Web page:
Therefore we went ahead with the planned induction.  We arrived at the hospital at 12:01 am the morning of Wednesday October 27.  This was such a strange experience... I've always had images of car rides in pain, rushing to the hospital in the heat of labor, hoping that we make it in time... those pictures are quite different from having a calm dinner and watching some TV before making our way to the hospital to "check in".  We arrived at the Labor and Delivery department and were shown to my room.  I promptly changed into a hospital gown while Jeremy took up his post on the sofa bed.  We enjoyed some Bravo TV (a real treat since we don't have cable at home) while my nurse got me hooked up to an IV of fluid, a fetal monitor, and a contraction monitor.  Upon hooking me up to the contraction monitor we found out that I was already having contractions on my own, just not feeling them.  They gave me a pill (that I can't remember the name of) to get my labor started.    Four hours later my contractions were starting to get more intense, and they came back to check on me.  At this point I still hadn't slept at all (probably from the excitement of it all... plus the fact that I was stuck in certain uncomfortable positions due to the monitors).  I was mortified at how much of a production it was just for me to use the restroom... I had to have someone help me un-hook my monitors and IV and role all of the cords with me to the restroom (parading my open hospital gown there), only to have to re-hook-up it all again upon my return.  Normally patients will have up to 3 doses of this pill prior to starting Pitocin, until they've started to dilate well.  There were some problems with how Noah reacted to the pill (his heart rate was dropping), so they were unable to give me another dose to kick start labor, and at this time I was only dilated to 1 cm.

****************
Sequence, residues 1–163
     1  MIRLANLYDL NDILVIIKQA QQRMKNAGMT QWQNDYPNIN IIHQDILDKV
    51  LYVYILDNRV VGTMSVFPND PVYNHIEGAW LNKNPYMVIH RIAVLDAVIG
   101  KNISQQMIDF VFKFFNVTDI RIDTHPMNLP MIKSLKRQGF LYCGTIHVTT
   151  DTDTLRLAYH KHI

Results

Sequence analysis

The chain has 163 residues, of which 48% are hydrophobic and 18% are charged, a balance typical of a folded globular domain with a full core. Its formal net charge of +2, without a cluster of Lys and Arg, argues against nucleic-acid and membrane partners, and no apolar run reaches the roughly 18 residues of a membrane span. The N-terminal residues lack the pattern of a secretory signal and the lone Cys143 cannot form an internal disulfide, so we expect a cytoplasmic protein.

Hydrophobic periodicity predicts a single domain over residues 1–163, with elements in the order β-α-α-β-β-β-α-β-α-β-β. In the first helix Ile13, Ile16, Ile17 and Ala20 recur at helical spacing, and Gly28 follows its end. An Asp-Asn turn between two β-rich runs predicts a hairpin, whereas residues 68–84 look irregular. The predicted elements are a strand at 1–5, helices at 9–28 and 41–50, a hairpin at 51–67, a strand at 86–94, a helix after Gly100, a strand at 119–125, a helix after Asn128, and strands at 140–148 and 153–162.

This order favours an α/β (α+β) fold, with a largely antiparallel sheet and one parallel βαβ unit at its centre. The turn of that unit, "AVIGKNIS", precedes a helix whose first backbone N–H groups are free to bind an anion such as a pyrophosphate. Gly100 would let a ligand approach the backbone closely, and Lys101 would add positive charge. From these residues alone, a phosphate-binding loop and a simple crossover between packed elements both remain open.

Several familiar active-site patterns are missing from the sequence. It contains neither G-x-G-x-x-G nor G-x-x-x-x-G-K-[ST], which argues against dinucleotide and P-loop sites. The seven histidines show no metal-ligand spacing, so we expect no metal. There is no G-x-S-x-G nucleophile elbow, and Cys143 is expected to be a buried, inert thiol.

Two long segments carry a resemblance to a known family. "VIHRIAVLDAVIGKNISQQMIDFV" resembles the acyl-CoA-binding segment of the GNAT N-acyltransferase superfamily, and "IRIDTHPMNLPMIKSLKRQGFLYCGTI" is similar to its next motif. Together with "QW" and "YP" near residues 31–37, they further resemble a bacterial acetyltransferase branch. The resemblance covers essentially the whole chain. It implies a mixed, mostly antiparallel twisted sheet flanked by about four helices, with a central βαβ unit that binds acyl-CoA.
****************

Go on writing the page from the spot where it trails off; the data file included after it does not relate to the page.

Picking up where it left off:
Next they decided to start me on Pitocin, hoping to get things moving along.  They hooked up Pitocin through my IV.  My contractions continued to get more intense, and closer together, and by this point I was feeling pretty nauseous also.  I think I managed to get 1-2 hours of sleep (in between prodings from nurses) until my doctor came to check on me (around 9 am) and broke my water (which was highly uncomfortable).  Over the next hour my labor continued to get more and more intense and I requested an epidural.  The actual process of getting the epidural wasn't nearly as bad as I expected... probably mainly because I kept my eyes closed in order to avoid seeing the needle.  The worst part of that whole thing was that yet another nurse, and an anesthieologist had to see me baring my body through my hospital gown.